Wednesday, July 18, 2012

Of Sloughs and Sogginess

Weather 1, Home Bug Garden 0
If you've read this blog for any length of time, you may have noticed that I tend to complain about the weather. Well, the weather, House Sparrows, and noisy neighbours, in about that order. Last night we had really noisy weather and neighbours: first the thunder, lightning, and deluge (3rd of the last week) and then car alarms blaring from 3 am until I dragged myself up to go to work at 5. When I realized I would need hip waders to get to the train, and that the cars bobbing around in the street were the source of the unending alarms, I stopped feeling angry at the neighbours and went and looked at my basement.
What does a 6-legged basement spider do in a flood?
What I saw was water and a sad spider, missing half its legs on one side, clinging to the basement wall above the wet. Not being able to claim I was missing a quarter of my limbs, it was time to start bailing and mopping. After Mrs HBG explained to the TV crew that we live in what used to be a slough, she put on her gum boots and slogged off in search of a train. I bailed and mopped and moped and then curled up on the dry spot on the bed (did I mention that the cat peed on the bed last night?) and dreamt I was in Queensland (where much worse floods occurred last year).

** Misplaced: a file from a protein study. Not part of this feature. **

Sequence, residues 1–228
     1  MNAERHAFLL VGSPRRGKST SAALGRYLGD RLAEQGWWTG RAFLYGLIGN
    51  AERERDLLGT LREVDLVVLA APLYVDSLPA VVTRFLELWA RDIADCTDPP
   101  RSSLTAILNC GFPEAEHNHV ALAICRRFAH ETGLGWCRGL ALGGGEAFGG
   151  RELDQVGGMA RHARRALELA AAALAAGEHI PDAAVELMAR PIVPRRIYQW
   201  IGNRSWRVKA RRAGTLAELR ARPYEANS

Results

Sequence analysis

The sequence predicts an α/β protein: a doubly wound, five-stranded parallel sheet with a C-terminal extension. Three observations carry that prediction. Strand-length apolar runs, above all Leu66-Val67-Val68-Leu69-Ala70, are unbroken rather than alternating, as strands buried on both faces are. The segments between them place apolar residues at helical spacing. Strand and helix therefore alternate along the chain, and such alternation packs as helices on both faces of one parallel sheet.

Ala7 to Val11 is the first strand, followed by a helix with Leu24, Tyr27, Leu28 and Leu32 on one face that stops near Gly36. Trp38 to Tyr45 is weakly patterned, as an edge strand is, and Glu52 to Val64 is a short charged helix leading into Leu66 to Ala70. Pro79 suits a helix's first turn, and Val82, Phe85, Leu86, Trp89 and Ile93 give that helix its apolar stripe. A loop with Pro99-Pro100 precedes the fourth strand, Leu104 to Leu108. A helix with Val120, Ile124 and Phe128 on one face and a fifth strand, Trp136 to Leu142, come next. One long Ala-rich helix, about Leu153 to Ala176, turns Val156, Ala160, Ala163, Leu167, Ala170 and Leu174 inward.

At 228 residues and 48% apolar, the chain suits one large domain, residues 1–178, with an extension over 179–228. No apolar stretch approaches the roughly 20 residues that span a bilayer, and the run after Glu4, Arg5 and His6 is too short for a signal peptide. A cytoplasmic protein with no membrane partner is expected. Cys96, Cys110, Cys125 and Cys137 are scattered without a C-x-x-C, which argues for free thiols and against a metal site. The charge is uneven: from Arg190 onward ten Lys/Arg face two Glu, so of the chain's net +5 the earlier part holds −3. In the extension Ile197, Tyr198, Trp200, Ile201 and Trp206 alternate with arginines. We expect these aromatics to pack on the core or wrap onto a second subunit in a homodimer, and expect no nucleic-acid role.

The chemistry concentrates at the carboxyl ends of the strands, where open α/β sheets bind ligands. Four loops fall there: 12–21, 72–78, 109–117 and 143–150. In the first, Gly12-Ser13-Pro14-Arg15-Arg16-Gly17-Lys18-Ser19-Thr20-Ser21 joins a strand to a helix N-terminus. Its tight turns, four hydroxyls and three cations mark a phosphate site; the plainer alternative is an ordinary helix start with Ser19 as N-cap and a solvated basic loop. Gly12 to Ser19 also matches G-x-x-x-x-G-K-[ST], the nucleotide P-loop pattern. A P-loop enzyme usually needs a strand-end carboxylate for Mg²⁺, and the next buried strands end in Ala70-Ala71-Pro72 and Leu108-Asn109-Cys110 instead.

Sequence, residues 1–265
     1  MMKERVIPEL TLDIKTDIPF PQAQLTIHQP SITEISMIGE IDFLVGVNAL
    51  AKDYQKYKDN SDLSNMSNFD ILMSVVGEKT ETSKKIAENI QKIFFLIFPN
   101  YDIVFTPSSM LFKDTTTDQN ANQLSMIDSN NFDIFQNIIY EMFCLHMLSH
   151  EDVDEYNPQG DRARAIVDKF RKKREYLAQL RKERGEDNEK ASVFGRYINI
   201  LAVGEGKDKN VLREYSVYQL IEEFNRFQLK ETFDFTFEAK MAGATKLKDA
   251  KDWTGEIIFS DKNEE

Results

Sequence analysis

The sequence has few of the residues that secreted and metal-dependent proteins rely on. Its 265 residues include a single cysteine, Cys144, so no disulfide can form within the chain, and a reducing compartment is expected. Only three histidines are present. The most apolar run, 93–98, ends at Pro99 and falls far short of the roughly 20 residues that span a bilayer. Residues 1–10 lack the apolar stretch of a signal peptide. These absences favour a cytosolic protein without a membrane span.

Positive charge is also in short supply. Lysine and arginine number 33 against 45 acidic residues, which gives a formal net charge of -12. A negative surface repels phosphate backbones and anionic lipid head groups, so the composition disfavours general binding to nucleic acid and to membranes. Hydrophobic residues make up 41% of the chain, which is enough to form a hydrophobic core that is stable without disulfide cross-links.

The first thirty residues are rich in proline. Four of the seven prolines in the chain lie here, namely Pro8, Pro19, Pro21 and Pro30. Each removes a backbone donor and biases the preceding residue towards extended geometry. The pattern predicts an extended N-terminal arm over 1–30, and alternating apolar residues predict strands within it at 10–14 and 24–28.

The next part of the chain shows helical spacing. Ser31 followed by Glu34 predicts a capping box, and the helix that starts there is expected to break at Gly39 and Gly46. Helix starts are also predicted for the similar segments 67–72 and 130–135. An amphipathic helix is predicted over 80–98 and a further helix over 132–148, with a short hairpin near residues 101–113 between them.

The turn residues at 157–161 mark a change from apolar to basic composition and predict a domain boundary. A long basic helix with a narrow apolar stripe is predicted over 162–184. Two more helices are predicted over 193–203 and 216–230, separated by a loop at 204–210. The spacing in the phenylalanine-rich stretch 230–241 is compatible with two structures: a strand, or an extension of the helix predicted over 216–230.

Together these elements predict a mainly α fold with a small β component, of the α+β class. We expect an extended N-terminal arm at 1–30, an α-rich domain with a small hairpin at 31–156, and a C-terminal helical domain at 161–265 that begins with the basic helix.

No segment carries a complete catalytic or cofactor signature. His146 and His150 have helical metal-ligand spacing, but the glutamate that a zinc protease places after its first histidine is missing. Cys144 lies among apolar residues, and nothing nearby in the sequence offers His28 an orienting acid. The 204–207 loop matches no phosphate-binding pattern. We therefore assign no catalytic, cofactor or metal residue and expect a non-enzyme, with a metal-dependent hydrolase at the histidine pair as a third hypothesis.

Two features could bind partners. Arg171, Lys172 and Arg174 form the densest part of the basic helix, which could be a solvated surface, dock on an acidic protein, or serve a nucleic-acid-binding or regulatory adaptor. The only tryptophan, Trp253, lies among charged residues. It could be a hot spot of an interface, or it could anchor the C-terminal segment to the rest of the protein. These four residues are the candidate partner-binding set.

A pair of Perplexing Half-Black Bumble Bees ignoring the rain
And when I awoke, if not refreshed, at least dry, rather than continue to mope, I learned two new bugs from before the deluge. The first, Bombus perplexus, is a tentatively welcome addition to the Home Bug Garden. They do have a bit of a reputation for being aggressive, but so far they haven't bothered me. Unfortunately, they are very similar to the Half-black Bumble Bee Bombus vagans, so a bit of an id challenge.
Red Turnip Beetle Entomoscelis americana
The second is very colourful, but a pest, but not the pest I feared: the Lily Beetle. The HBG sports a number of lilies including a native, but mostly aliens raised from seed, donated by friends, or on found sale at a nursery. I never thought I'd become a lily lover, but they do have their charm.
Lily raised from seed awaits the deluge
Instead of a Lily Beetle, the HBG sported a Red Turnip Beetle. These eat crucifers such as cabbage and canola, and given how yellow with canola the countryside is at the moment, it is surprising that we haven't encountered them before. I suppose I will need to keep watch over my kohlrabi, but I know the worms of the Cabbage White will get them first, so why worry.
Bad, bad broccoli worm

No comments:

Post a Comment